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|Written by||Morris Panych|
|Characters||Man, Charlotte, Rodney, Jennifer, Leonard, Marshall, Rachel, Percy, Michael, Joan, Al, Lillian, Nurse Wilson, The four window people|
|Subject||A man contemplates suicide on a seventh-story building ledge.|
|Setting||an apartment window ledge|
The protagonist (a well dressed man) is standing on the ledge on the seventh story of a tall building, contemplating leaping to his death. He is interrupted by the colorful residents of the seventh story who are too caught up in their own lives to notice the man or question his being on the ledge of the building. The persons who interact with the man do so by opening or appearing at one or more of seven windows on the seventh storey. For the majority of the play, the people talking with the protagonist have most of the dialogue. The man hasn't much dialogue until near the end, when he explains that his daily routine was thrown off when he woke up and lost track of what day it was.
The play has a set that is quite confined for actors to work with. Actors must try and work with a set in which they must play their parts in a window.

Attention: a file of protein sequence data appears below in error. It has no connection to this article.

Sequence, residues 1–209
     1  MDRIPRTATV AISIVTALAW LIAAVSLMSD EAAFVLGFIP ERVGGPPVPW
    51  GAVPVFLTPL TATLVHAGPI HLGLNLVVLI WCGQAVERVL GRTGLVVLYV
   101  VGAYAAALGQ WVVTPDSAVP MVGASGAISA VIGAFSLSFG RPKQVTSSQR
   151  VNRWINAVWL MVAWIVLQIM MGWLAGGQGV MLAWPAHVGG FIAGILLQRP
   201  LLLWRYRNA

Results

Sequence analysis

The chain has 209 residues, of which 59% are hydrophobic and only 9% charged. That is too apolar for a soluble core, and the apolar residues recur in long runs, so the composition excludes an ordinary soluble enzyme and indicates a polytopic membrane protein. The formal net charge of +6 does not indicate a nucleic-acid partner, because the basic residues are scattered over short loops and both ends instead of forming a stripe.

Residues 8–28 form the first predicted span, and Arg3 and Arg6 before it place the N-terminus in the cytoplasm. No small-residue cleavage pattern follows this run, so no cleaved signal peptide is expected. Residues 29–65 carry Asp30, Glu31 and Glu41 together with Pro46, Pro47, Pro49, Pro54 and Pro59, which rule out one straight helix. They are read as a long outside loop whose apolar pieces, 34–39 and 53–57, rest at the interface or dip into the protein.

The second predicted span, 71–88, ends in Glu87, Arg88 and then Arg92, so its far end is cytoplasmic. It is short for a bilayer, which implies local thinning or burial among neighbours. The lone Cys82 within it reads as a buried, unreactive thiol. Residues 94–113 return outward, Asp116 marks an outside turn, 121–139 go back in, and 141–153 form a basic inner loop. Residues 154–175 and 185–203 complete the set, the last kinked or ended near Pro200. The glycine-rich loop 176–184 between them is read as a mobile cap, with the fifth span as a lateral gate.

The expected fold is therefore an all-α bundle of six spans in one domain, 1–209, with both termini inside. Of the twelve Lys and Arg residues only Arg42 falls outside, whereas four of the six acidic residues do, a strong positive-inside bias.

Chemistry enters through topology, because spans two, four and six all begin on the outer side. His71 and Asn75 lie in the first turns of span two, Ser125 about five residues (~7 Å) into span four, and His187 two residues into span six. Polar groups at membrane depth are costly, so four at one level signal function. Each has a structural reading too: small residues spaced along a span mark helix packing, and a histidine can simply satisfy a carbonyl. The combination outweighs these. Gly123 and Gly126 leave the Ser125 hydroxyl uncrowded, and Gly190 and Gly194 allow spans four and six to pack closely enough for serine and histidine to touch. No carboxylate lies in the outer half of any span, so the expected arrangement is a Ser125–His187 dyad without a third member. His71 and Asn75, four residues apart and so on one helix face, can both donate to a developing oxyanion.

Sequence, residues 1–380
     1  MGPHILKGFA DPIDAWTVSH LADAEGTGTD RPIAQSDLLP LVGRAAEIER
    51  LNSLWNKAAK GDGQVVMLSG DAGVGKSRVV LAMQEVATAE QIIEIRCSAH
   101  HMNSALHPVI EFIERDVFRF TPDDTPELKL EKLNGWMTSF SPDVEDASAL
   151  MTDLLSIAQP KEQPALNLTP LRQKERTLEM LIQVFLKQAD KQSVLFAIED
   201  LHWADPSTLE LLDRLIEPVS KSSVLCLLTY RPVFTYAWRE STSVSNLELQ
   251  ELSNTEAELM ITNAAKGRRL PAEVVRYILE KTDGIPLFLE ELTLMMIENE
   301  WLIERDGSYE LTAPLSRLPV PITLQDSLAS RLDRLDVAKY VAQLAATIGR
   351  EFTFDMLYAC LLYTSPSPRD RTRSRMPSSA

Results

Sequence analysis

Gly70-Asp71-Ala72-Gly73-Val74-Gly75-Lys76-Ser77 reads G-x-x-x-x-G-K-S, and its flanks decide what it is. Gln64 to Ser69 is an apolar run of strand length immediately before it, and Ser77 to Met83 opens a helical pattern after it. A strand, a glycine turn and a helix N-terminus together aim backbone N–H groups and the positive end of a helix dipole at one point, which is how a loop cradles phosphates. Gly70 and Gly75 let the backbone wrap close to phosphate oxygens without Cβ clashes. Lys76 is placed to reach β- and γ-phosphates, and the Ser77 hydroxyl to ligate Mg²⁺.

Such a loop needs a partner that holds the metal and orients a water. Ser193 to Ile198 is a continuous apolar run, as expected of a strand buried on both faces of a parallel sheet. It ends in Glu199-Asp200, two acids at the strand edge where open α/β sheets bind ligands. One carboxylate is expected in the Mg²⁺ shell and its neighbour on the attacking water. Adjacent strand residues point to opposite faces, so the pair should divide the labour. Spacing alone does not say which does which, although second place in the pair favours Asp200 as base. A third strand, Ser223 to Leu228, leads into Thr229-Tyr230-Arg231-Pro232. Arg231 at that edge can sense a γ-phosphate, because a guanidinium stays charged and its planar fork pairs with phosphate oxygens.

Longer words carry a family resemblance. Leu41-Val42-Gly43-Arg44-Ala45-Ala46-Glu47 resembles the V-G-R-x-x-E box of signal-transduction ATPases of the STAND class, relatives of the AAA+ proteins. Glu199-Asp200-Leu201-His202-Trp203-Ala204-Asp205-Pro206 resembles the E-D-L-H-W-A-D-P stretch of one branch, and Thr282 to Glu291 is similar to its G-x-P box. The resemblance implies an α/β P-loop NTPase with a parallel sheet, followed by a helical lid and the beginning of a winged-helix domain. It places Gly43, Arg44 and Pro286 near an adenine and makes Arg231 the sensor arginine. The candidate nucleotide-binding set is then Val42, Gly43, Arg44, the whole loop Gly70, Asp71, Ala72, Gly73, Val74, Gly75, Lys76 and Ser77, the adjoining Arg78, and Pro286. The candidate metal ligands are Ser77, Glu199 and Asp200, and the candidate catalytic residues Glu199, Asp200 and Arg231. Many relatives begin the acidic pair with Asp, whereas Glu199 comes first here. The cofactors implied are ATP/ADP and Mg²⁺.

- Man: The protagonist of the play, he is a well-dressed gentleman contemplating jumping from the seventh story. He holds conversations with the residents of the building, and has the least dialogue with each one until the last, where he explains how he conducted his daily routine, and saw that things of everyday life are not how they appear to be. He explains his confusion on what day it was and how his daily schedule was thrown off, feeling lost and compelled to stand on the seventh story of the building.
- Charlotte: A young married woman having an affair with Rodney, she attacks and threatens to kill Rodney after a slump in their relationship. Charlotte is a poet and free-spirited idealist.
- Rodney: A lawyer having an affair with Charlotte, he constantly bickers with, threatens and attacks Charlotte. Rodney is politically correct about everything that comes his way, to the point of being insufferable. During a slump in his affair with Charlotte, Rodney ran over her with his car, which rekindled their relationship, albeit in a rather unorthodox way.
- Jennifer: A party guest on the seventh story. She is talkative, air-headed, and uninterested in those who don't make much conversation (as shown when the Man is silent after her statement of wanting to leap from the building and what a thrill it would be).